(Submitted by Kendrick Cardinal - image credit)
While Fort Chipewyan, Alta., has seen half of its population vaccinated for COVID-19 with the first dose, the remainder is growing reluctant as misinformation spreads on social media, community leaders say.
Of the 1,100 people who live in the hamlet, about 270 kilometres north of Fort McMurray, 576 have been vaccinated, said Peter Powder, chief of the Mikisew Cree First Nation.
Community leaders have been hosting Facebook lives and townhalls with medical professionals for two weeks, trying to convince the remainder to get vaccinated, Powder said.
"I'm not really happy with the end result," he said. "I think there's lots of adults that could've taken it, but I don't know if they understand the importance of it."
The First Nations did the best they could to advertise the vaccine, Powder said. "I don't know if we could've done any more."
He said he was trying to convince the young adults to get the vaccine by highlighting its importance in protecting others, including elders.
"You're protecting your own community," said Powder, who will be getting his second vaccine dose in two weeks.
'That's an alarming thing'
Athabasca Chipewyan First Nation chief Allan Adam said a lot of the issues are from misinformation from social media.
"A lot of people are believing social media, thinking that the vaccination is no good," Adam said.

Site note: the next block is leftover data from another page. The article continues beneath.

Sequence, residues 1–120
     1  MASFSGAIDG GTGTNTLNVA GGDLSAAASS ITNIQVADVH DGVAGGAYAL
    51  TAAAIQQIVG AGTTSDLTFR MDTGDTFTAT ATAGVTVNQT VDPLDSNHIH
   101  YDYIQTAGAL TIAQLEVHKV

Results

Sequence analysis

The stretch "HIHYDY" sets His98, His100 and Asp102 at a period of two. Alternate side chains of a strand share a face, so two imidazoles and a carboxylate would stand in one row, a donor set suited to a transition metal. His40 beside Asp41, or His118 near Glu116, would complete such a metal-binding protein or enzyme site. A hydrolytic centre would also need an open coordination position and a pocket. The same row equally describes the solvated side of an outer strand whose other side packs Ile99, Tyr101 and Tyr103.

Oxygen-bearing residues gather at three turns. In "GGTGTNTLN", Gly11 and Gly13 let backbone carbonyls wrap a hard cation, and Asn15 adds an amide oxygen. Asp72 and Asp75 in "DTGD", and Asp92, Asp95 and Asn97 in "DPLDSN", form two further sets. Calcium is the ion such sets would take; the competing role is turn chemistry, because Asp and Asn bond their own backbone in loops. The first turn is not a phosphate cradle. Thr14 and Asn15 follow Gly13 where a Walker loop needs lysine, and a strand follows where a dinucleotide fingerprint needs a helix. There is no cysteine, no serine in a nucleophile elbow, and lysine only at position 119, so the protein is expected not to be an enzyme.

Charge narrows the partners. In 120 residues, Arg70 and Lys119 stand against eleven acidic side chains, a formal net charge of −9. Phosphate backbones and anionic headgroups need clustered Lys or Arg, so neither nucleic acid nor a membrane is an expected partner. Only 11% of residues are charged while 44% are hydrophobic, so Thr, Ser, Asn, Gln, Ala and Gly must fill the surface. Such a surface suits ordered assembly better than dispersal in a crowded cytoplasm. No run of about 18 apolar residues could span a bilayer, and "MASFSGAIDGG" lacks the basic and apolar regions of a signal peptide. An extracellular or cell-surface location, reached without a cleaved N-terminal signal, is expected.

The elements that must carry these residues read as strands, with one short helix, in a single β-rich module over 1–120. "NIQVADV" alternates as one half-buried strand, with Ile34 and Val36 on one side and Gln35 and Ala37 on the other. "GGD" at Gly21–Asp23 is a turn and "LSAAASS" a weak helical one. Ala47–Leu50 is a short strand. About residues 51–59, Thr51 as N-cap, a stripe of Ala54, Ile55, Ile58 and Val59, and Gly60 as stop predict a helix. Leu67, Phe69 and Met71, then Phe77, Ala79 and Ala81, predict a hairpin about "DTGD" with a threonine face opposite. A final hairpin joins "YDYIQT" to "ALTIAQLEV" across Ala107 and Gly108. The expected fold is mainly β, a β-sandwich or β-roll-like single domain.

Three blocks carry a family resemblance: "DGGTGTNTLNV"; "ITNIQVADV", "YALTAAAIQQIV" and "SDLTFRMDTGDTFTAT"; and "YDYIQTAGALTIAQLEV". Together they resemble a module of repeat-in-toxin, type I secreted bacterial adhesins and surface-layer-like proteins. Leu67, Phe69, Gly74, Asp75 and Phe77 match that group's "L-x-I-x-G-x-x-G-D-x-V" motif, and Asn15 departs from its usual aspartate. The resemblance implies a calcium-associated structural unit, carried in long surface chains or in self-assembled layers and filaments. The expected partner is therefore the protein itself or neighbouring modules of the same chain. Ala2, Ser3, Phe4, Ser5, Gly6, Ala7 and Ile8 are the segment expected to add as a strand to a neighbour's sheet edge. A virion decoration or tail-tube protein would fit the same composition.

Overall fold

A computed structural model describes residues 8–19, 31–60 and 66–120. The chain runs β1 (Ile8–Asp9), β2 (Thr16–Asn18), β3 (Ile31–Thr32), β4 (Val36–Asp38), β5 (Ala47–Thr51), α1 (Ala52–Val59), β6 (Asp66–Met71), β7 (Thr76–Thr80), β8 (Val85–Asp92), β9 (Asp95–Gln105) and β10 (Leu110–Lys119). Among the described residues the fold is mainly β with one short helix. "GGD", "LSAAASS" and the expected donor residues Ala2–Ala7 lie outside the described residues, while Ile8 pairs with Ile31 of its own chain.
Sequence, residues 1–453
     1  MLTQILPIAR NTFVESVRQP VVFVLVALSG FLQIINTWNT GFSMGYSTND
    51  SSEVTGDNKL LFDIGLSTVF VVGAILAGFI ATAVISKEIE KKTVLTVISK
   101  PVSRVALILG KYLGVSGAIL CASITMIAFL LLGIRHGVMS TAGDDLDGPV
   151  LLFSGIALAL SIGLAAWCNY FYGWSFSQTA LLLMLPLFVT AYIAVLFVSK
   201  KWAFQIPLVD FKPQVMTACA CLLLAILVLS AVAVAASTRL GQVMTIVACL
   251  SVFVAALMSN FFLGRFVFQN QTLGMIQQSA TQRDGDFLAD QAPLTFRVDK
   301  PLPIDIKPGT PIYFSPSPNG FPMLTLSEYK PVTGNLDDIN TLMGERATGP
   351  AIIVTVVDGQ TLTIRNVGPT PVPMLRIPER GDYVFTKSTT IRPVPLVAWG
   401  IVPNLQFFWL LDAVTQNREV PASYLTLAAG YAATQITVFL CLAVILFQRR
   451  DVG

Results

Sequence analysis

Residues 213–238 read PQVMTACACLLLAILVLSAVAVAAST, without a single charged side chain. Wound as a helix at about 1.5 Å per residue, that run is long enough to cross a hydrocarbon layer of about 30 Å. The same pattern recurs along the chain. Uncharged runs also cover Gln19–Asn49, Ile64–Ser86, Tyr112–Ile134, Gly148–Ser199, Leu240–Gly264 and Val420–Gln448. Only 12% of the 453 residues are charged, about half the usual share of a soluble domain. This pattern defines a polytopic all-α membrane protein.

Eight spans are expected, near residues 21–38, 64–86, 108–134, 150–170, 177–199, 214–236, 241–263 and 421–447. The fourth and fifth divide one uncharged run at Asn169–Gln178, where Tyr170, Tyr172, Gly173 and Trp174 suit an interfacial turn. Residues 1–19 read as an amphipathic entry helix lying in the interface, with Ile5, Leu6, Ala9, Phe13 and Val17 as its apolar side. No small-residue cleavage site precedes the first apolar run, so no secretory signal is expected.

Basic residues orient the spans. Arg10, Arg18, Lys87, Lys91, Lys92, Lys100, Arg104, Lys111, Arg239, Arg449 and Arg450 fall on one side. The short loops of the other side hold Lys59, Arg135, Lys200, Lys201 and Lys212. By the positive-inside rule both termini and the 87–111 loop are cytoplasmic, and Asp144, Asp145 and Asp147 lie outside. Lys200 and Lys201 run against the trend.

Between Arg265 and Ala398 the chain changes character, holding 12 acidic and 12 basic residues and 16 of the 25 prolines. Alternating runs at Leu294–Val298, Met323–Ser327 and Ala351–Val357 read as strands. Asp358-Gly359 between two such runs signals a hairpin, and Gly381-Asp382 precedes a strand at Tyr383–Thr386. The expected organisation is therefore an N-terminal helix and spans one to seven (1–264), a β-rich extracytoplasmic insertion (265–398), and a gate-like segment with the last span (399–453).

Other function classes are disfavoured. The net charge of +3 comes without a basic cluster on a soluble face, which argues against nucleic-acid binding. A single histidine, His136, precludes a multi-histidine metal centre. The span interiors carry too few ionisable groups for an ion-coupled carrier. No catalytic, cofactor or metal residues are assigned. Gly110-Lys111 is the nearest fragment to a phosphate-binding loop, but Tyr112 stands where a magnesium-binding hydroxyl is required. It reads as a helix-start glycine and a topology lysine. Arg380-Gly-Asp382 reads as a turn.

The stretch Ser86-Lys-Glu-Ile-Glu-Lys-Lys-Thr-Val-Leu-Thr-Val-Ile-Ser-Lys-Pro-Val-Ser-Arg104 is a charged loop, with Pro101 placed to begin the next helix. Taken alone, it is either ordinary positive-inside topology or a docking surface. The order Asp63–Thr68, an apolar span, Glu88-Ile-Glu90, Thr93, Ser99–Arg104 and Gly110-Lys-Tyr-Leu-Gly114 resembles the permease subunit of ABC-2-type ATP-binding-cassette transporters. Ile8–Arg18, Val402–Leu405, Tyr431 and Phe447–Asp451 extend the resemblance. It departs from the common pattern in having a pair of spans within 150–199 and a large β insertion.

He said some of his own relatives are refusing the shot because of rumours such as the second dose containing the COVID-19 virus itself.
Adam said the situation is frustrating because the First Nations lobbied to get access to the vaccine and yet half of the resident remain vulnerable to COVID-19.
"That's an alarming thing," he said.
Adam said he would like to see more leaders, like mayors, councillors and chiefs getting immunized publicly in an effort to teach people about the benefits of the vaccine.
"Education is a big factor," Adam said. "People need to be aware of this vaccination, what it does and the benefits."
So far, Adam said, he's satisfied with the vaccine rollout.
"I look at it this way, if one person out of 100 got the needle, I am happy for that person."
While many people in the community don't want the vaccine, "that's their right; … you have to respect everybody's wishes."
Kendrick Cardinal, president of Métis Local #125, posted a picture of himself getting the vaccine on Facebook to encourage others to get the shot.
Cardinal said he's "pretty pleased" with the number of people who got vaccinated.
"Some people do want to take it. Some people are nervous," Cardinal said. "Some people believe their body would fight [COVID-19] off, they're not scared of it."
Residents will be able to get the second dose of the vaccine in early March.
Cardinal said he's unaware of any cases of adverse reactions to the vaccine in the community.
Leaders in the community are meeting on Wednesday to discuss what to do with any unused vaccines, he said.
The Métis local is also setting up in Fort McMurray to vaccinate its members who no longer live in Fort Chipewyan.